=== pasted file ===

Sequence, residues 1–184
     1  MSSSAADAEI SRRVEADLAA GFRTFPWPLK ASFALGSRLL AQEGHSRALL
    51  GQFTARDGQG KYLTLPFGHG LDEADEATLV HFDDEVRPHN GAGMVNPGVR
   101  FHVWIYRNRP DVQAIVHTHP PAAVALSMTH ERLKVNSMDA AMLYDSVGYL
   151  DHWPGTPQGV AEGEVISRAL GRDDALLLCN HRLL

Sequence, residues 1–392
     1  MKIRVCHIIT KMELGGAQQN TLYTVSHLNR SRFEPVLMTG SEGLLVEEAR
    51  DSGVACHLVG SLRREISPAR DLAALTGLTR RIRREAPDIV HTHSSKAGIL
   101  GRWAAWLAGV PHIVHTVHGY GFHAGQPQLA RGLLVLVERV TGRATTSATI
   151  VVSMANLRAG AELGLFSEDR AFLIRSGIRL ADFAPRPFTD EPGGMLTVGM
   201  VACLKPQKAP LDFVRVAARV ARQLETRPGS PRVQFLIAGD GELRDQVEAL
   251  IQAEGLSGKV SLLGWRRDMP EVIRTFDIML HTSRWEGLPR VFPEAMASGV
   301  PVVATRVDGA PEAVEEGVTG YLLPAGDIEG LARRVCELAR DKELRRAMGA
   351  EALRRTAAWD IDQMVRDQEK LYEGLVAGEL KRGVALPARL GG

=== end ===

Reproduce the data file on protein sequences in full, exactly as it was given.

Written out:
Sequence, residues 1–184
     1  MSSSAADAEI SRRVEADLAA GFRTFPWPLK ASFALGSRLL AQEGHSRALL
    51  GQFTARDGQG KYLTLPFGHG LDEADEATLV HFDDEVRPHN GAGMVNPGVR
   101  FHVWIYRNRP DVQAIVHTHP PAAVALSMTH ERLKVNSMDA AMLYDSVGYL
   151  DHWPGTPQGV AEGEVISRAL GRDDALLLCN HRLL

Sequence, residues 1–392
     1  MKIRVCHIIT KMELGGAQQN TLYTVSHLNR SRFEPVLMTG SEGLLVEEAR
    51  DSGVACHLVG SLRREISPAR DLAALTGLTR RIRREAPDIV HTHSSKAGIL
   101  GRWAAWLAGV PHIVHTVHGY GFHAGQPQLA RGLLVLVERV TGRATTSATI
   151  VVSMANLRAG AELGLFSEDR AFLIRSGIRL ADFAPRPFTD EPGGMLTVGM
   201  VACLKPQKAP LDFVRVAARV ARQLETRPGS PRVQFLIAGD GELRDQVEAL
   251  IQAEGLSGKV SLLGWRRDMP EVIRTFDIML HTSRWEGLPR VFPEAMASGV
   301  PVVATRVDGA PEAVEEGVTG YLLPAGDIEG LARRVCELAR DKELRRAMGA
   351  EALRRTAAWD IDQMVRDQEK LYEGLVAGEL KRGVALPARL GG